It inspired me to investigate the actual behavior of TeX (or rather LaTeX). Since my findings could be of interest to those finding this question, I post them here.


Computer Modern

I started of by checking what length 1em and 1ex are for different selection of Roman/Serif/Typewriter, Medium/Bold, and Upright/Italic/Slanted/SmallCaps. Here are the results:

1em and 1ex in Computer Modern fonts

As we can see, 1em varies quiet a lot; from 10.00 pt to 11.82 pt. The length of 1ex is more consistent, with only three different values for all the different styles.

In the table some actual measurements of the font is included. These are the width of an “M” (measured as \wd of an \hbox{M} created when the font is active) and the height and depth of an “x” (measured similarly as \ht and \dp of an \hbox{x}).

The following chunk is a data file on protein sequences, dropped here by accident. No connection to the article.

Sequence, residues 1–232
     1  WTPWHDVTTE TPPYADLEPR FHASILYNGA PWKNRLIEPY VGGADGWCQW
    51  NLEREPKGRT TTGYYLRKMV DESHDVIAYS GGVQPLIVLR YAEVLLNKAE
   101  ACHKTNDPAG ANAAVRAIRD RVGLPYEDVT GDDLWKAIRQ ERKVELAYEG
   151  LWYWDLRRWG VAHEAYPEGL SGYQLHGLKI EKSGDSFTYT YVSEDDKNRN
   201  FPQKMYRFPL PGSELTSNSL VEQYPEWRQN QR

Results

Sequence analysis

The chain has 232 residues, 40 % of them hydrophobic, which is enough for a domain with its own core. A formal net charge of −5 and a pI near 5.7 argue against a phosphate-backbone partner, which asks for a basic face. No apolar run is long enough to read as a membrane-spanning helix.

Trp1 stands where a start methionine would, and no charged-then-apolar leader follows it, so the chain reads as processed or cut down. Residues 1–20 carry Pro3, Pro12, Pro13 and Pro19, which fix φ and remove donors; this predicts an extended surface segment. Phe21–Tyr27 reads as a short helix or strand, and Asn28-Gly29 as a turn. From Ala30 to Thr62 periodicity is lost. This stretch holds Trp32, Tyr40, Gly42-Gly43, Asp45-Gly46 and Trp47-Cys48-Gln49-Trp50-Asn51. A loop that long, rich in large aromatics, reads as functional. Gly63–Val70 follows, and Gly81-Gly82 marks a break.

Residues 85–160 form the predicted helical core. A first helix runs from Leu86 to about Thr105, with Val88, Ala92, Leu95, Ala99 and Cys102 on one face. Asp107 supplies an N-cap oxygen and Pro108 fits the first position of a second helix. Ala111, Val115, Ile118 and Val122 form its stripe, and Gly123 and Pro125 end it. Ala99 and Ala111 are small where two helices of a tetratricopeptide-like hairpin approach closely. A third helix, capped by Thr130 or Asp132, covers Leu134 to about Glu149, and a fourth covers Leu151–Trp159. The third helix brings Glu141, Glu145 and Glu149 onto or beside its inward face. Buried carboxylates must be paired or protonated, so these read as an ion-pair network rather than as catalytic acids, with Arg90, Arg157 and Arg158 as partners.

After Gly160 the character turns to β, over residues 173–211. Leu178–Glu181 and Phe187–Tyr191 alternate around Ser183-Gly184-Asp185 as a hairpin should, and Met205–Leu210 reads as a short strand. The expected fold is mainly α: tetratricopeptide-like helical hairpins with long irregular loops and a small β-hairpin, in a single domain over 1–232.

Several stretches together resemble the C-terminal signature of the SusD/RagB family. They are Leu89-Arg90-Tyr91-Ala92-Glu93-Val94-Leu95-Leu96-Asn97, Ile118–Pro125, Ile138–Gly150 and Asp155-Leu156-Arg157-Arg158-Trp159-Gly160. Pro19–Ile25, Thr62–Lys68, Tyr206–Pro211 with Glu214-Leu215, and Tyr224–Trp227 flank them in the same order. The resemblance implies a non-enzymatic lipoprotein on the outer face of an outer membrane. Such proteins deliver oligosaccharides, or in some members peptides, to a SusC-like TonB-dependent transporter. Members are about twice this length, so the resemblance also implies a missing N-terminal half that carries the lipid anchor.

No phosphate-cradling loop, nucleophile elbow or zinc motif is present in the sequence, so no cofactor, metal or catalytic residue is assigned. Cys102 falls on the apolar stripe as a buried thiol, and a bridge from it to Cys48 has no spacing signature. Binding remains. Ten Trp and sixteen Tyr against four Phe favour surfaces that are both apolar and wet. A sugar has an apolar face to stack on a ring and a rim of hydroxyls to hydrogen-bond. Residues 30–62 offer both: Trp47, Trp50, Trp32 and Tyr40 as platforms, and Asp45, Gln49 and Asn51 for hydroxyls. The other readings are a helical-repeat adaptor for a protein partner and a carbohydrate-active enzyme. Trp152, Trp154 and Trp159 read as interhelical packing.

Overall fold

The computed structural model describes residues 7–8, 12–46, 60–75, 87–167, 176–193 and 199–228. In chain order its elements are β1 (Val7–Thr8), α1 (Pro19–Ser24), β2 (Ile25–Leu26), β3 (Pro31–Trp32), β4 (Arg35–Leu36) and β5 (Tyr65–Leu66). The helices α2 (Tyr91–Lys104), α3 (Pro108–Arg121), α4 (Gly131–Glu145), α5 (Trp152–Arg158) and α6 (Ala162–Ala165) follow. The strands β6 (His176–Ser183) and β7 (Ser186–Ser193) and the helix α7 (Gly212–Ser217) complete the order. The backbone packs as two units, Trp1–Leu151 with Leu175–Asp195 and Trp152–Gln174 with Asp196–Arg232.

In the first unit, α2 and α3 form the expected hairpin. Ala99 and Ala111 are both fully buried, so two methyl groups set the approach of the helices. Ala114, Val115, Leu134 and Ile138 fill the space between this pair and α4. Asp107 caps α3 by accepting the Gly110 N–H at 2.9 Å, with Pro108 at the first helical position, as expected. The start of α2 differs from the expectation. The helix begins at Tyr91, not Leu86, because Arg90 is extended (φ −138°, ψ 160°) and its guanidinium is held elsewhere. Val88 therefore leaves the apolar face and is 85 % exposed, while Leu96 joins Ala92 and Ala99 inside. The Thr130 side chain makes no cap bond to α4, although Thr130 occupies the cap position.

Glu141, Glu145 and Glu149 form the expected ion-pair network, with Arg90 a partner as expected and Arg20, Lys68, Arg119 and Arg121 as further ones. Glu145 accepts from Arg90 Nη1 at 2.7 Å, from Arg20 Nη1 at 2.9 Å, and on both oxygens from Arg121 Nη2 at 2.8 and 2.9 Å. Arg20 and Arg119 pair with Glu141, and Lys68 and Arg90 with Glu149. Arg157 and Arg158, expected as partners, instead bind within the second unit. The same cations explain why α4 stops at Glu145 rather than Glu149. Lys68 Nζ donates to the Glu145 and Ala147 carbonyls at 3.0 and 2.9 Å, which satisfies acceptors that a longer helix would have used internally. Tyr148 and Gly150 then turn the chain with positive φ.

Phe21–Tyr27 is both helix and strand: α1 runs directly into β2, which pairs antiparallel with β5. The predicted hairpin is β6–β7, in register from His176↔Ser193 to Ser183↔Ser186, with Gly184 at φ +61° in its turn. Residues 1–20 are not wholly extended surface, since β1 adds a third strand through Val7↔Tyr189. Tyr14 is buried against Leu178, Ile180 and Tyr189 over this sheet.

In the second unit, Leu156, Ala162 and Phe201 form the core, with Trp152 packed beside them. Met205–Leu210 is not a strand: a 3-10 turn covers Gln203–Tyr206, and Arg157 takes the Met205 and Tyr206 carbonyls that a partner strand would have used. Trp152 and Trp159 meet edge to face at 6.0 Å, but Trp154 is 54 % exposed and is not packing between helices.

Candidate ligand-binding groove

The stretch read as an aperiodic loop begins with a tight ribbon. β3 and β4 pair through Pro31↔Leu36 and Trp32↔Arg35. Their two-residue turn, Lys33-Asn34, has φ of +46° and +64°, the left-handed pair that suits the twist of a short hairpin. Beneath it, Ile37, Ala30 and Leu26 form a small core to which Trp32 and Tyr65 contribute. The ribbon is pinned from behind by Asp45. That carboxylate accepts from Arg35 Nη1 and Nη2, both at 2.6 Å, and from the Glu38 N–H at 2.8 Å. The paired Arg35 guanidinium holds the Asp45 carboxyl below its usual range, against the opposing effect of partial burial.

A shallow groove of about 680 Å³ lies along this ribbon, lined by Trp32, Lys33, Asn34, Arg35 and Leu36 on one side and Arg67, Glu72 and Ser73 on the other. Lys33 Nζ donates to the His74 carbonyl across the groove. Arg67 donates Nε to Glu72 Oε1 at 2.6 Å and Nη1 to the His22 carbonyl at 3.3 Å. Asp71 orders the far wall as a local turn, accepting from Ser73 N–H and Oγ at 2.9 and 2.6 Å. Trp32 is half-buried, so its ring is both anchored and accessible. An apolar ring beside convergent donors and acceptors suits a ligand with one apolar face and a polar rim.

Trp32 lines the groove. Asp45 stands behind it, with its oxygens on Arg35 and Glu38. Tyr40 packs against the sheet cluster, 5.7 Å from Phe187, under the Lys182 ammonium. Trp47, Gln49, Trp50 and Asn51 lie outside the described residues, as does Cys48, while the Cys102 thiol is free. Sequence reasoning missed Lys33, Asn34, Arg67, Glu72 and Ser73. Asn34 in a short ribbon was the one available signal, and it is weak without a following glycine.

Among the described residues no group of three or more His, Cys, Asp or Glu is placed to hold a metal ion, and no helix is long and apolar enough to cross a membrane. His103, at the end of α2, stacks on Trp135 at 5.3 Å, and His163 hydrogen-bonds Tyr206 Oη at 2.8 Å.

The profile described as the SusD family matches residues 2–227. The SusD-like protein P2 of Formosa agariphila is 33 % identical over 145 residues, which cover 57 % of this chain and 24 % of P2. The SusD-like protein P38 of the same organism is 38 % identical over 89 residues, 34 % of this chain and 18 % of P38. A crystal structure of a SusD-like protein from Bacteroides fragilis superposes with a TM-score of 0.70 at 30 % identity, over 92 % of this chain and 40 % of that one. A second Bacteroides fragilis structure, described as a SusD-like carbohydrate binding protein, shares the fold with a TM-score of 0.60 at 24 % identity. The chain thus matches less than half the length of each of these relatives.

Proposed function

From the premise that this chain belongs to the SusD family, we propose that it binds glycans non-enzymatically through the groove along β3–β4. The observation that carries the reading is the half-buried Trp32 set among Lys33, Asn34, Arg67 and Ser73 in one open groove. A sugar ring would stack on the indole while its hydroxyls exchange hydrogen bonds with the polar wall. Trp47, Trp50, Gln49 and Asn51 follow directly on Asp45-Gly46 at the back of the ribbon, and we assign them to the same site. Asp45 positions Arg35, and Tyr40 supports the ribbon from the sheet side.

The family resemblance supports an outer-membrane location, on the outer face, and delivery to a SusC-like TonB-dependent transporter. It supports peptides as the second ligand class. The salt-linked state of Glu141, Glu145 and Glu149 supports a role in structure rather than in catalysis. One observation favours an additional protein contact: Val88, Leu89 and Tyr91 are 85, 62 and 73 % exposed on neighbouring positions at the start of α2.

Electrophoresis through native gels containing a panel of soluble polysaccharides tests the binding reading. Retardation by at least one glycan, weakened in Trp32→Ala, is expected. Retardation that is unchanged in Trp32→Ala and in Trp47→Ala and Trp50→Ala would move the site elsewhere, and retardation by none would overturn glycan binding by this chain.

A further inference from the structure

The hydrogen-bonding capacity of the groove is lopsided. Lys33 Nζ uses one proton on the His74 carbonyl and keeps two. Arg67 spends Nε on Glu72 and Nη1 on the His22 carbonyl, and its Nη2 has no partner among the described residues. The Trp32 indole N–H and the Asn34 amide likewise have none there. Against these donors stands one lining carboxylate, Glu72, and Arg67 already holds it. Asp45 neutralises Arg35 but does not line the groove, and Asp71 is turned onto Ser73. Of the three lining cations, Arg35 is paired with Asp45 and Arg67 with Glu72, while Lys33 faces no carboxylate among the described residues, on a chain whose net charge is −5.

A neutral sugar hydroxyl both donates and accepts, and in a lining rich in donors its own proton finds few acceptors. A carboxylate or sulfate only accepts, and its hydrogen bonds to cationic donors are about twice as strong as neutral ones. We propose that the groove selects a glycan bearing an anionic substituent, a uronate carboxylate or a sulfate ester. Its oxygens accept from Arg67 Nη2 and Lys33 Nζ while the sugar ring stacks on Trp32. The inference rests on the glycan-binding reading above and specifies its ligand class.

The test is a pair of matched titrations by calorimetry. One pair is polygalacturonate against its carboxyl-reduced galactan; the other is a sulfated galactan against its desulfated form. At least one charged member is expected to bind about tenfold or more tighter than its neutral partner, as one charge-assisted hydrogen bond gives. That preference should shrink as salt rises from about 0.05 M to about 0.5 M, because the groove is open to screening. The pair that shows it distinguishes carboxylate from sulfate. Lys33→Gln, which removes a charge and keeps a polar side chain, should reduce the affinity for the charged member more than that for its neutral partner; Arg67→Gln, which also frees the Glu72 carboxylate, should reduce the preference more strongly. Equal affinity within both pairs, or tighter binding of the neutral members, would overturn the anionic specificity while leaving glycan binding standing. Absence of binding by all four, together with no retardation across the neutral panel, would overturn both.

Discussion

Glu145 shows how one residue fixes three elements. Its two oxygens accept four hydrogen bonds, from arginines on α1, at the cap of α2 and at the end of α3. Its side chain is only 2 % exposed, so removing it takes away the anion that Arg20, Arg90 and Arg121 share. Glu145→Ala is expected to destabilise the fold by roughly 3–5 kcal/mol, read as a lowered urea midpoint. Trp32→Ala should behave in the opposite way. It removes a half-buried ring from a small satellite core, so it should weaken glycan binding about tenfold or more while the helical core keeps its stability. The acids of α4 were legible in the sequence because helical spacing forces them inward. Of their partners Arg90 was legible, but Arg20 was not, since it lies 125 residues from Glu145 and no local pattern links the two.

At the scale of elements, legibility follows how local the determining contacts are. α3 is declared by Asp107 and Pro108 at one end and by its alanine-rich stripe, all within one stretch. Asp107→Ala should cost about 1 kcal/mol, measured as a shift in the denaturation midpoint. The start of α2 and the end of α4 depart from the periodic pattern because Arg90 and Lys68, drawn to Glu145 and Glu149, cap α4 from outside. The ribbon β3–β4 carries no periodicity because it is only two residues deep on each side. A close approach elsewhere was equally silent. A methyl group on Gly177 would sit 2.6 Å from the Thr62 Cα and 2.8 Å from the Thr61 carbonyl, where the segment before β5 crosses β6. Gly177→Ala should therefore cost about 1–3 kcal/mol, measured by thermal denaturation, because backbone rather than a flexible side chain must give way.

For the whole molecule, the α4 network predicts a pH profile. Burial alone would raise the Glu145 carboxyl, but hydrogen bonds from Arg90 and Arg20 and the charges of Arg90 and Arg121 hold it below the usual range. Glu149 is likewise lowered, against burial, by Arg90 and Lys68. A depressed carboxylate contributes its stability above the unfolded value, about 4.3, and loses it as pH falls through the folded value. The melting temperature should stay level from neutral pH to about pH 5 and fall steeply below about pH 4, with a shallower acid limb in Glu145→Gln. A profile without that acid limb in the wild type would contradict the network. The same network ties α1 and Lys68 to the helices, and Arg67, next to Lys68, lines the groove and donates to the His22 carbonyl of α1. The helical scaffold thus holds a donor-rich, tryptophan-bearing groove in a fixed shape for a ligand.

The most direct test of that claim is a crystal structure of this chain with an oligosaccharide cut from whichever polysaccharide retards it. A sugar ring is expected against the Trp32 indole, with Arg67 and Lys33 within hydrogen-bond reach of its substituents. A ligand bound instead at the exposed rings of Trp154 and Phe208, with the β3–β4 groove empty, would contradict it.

An interesting point of this table is that 1em is neither 10 pt (the selected font size) or the M-width. On the other hand, 1ex corresponds exactly to the height of an “x”, except for typewriter small caps.


Latin Modern

[Xavier asked about the results for Latin Modern using pdfLaTeX, so I added this section.]

To check the values for Latin Modern using pdfLaTeX I added this to the preamble:

\usepackage{lmodern}
\usepackage[T1]{fontenc}

Some more styles are available, compared to Computer Modern, so I added them to the list. Also, the bold italic typewriter style was not available for Latin Modern, so I removed it.

1em and 1ex for Latin Modern in pdfLaTeX